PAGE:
Laboratory scientist Regina Soufli, a member of NASA’s Solar Dynamics Observatory (SDO) Science Investigation Team, recently received a Group Achievement Award from NASA. Soufli’s team included Livermore’s Jeff Robinson, Eberhard Spiller, Sherry Baker, and Jay Ayers as well as collaborators from Lawrence Berkeley National Laboratory and other institutions. Launched in 2010, SDO is NASA’s most advanced solar mission to date. Soufli led a team in the design, development, fabrication, and calibration of the multilayer mirrors aboard the SDO imaging telescopes. The multilayer mirrors act as reflective lenses and are responsible for capturing the images and movies of the Sun produced by SDO at seven extreme ultraviolet (EUV) wavelengths. By imaging the Sun at specific EUV emission lines from the solar plasma, the telescopes record solar activity in exquisite spatial, spectral, and temporal resolution for the purpose of studying the Sun’s extremely complex and dynamic magnetic field, its plasma, and related phenomena.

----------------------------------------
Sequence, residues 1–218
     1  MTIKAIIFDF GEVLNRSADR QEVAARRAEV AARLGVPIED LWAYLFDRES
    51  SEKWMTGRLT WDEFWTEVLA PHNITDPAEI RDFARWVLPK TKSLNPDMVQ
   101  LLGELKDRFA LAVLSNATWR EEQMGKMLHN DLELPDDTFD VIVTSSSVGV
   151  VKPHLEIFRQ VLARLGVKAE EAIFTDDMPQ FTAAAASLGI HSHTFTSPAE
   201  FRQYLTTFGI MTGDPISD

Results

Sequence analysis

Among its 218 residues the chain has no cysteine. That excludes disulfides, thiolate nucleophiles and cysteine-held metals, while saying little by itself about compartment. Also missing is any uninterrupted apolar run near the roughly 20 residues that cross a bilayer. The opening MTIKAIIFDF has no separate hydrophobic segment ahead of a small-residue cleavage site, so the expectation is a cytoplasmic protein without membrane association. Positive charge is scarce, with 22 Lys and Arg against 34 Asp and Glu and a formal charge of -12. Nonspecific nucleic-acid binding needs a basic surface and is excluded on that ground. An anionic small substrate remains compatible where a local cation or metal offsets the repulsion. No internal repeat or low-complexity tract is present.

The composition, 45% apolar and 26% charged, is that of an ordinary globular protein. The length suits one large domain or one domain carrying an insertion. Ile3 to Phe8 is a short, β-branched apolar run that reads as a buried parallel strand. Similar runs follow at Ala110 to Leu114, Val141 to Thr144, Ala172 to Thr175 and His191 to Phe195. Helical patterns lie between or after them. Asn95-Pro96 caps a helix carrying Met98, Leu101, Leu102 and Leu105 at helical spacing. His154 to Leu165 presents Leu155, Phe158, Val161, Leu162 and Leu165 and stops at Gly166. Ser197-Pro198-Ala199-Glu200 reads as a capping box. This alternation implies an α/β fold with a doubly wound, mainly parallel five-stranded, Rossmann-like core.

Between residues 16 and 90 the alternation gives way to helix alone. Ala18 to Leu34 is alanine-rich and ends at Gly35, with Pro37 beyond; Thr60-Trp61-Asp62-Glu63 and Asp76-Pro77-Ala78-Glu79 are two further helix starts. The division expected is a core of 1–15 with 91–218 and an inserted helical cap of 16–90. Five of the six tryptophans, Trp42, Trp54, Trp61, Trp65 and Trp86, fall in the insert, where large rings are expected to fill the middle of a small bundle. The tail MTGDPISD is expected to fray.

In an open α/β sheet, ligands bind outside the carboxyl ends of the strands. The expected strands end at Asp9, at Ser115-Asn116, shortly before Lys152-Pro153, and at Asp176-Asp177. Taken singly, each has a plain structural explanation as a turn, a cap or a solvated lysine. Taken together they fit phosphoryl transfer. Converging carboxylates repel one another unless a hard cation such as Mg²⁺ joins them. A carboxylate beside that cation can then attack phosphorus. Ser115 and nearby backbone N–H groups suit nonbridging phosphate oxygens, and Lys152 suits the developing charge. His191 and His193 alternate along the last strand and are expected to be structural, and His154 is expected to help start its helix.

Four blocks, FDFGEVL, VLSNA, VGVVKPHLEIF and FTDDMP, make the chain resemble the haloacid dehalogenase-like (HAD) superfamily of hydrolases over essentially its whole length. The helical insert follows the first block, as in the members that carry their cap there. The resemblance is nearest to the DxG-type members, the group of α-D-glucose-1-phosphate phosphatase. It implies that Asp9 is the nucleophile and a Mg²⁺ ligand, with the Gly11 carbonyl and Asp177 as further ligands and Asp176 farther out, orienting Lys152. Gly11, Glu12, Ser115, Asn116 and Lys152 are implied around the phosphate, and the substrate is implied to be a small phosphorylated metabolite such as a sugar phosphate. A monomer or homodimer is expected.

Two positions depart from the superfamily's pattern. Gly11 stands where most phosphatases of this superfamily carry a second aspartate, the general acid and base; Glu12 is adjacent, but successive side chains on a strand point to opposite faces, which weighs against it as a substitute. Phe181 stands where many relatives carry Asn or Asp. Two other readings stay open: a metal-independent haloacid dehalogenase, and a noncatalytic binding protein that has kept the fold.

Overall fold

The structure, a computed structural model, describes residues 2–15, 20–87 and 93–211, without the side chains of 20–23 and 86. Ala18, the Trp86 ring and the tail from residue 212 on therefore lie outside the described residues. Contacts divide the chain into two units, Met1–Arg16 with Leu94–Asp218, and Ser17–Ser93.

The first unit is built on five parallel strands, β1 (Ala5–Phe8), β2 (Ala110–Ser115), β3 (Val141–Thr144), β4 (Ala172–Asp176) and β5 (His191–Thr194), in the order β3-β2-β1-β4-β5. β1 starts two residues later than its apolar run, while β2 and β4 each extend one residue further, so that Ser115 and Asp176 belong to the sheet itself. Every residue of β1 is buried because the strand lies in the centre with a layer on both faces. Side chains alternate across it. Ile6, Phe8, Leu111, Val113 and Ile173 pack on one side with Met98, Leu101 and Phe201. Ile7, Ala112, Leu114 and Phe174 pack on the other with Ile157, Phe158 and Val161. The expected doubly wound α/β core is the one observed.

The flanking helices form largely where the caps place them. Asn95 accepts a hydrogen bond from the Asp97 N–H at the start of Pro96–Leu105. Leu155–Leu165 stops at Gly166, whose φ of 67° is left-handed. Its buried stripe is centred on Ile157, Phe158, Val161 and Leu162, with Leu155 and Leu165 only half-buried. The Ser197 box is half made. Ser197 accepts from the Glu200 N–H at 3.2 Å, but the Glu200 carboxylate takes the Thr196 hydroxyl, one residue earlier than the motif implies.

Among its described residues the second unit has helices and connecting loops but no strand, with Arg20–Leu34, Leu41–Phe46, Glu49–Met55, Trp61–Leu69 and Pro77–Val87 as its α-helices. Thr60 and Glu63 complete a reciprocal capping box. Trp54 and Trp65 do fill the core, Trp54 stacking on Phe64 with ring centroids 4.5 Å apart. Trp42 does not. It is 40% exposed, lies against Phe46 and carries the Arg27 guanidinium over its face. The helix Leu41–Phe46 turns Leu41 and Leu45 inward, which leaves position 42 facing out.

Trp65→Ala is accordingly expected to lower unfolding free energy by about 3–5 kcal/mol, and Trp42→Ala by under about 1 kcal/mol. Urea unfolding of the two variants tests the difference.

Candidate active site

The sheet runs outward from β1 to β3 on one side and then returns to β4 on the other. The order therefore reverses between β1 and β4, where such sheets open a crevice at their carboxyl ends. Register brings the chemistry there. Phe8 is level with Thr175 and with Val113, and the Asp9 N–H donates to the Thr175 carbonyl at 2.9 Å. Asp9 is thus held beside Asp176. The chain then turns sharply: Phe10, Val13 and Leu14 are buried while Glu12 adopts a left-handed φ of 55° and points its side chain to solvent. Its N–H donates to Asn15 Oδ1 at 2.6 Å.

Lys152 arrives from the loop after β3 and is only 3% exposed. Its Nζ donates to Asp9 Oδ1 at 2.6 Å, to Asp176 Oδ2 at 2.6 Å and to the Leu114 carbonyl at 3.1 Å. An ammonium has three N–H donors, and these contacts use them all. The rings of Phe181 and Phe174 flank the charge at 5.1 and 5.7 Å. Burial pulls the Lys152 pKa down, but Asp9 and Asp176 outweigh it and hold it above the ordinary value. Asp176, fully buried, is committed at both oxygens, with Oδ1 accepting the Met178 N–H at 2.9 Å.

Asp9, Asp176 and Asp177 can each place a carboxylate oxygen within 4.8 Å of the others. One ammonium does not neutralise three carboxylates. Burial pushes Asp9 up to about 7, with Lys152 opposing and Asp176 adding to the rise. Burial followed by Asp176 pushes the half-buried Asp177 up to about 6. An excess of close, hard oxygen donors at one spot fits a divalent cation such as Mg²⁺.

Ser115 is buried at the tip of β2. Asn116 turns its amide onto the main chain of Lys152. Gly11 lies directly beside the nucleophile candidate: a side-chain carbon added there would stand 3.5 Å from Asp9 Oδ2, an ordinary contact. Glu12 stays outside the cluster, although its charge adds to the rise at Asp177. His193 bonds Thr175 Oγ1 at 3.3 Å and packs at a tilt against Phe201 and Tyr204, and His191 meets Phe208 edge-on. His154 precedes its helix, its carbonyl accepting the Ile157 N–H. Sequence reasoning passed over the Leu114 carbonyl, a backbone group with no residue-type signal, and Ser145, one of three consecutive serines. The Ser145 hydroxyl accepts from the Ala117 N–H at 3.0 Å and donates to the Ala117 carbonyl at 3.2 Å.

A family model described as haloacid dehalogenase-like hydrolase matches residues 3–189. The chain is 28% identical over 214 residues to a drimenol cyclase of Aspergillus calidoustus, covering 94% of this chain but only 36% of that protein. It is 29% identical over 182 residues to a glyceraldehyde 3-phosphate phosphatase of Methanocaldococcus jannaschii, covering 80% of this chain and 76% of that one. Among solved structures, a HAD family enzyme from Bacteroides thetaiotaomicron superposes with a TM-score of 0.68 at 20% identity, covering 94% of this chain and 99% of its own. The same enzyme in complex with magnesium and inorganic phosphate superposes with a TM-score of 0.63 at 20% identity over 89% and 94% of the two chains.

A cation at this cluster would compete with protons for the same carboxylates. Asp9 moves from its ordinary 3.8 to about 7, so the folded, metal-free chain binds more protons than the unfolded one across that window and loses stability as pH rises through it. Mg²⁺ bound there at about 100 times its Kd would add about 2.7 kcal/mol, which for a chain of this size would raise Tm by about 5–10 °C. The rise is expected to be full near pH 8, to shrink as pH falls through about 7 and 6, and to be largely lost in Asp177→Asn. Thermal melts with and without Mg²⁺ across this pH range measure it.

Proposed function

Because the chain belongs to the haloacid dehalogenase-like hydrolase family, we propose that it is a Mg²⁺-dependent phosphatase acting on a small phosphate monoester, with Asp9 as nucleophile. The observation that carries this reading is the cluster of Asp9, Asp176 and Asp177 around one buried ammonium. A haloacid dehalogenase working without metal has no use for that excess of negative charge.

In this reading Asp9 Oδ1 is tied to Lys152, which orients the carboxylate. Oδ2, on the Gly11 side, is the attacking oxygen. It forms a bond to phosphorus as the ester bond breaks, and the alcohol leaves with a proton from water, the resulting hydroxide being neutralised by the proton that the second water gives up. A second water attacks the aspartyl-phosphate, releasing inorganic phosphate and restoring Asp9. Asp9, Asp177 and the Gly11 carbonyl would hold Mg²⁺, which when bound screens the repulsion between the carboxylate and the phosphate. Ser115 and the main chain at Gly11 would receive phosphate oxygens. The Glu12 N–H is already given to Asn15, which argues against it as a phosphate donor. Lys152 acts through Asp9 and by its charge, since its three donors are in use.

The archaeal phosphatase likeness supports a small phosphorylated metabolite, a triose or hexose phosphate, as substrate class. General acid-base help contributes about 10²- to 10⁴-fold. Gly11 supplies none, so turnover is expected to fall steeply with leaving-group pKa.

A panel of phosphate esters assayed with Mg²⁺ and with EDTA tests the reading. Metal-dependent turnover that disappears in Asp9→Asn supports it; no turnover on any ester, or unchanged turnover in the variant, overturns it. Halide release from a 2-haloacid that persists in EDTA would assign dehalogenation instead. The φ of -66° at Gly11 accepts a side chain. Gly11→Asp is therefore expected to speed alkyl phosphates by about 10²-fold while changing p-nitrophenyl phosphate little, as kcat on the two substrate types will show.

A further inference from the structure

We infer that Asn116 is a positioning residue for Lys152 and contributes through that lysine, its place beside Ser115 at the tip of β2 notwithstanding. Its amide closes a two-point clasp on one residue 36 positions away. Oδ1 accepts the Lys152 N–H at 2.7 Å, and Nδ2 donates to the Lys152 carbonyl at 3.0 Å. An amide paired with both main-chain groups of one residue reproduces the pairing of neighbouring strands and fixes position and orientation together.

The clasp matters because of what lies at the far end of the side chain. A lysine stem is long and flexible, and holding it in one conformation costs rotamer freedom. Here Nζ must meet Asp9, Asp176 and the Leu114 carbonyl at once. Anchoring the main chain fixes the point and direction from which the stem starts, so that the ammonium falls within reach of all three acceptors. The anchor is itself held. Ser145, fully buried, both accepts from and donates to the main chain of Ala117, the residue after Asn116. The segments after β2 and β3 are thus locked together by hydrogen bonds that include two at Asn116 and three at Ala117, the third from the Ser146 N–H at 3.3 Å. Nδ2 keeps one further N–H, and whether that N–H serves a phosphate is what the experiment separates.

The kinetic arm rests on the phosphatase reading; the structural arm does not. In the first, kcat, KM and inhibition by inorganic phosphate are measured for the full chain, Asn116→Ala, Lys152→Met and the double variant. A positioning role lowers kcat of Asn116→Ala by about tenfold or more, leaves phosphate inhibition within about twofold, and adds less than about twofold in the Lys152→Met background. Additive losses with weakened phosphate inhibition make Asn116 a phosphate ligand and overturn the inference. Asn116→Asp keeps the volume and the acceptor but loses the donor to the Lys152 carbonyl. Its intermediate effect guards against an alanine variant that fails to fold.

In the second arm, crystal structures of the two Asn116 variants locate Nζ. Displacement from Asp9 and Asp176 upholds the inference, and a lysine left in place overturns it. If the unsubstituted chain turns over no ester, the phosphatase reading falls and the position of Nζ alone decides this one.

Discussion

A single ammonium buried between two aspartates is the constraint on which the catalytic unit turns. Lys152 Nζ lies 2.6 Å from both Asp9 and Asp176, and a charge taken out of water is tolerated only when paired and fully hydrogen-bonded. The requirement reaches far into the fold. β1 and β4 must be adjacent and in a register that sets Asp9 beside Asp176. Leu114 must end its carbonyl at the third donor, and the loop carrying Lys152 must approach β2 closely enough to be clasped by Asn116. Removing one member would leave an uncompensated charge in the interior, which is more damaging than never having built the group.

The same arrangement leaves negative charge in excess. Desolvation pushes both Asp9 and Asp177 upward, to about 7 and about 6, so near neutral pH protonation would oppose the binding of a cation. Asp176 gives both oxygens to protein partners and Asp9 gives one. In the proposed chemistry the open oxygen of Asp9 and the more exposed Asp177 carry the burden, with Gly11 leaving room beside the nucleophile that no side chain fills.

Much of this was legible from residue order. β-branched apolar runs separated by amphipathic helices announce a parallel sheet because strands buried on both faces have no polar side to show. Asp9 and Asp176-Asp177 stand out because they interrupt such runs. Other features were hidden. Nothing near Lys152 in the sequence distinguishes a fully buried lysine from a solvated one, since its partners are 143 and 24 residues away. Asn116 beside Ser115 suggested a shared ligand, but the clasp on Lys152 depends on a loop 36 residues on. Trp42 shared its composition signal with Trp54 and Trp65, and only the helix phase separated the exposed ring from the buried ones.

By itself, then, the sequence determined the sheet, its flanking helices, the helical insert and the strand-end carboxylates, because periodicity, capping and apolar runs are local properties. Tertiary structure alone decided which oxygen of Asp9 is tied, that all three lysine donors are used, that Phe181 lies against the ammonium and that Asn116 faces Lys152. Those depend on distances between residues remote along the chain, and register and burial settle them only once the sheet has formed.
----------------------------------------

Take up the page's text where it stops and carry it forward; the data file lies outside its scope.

The American Physical Society (APS) has selected Andris Dimits, a physicist in the Fusion Energy Sciences Program, as a 2012 Fellow. Dimits was cited in the plasma physics category for “important insights and contributions to the theory and simulation of kinetic turbulent transport in magnetized plasmas, including the effects of self-consistent turbulence-induced velocity shear and Coulomb collisions.” He joined the Laboratory in 1990 and has worked on theory and simulation of magnetized fusion plasmas, hydrodynamic instability and turbulence, and high-energy-density physics.
APS fellowships are awarded after extensive review and are considered a distinct honor because the evaluation process relies on nomination and recommendation by one’s professional peers. Election to APS fellowship is limited to no more than one-half of one percent of the society’s membership for a given year.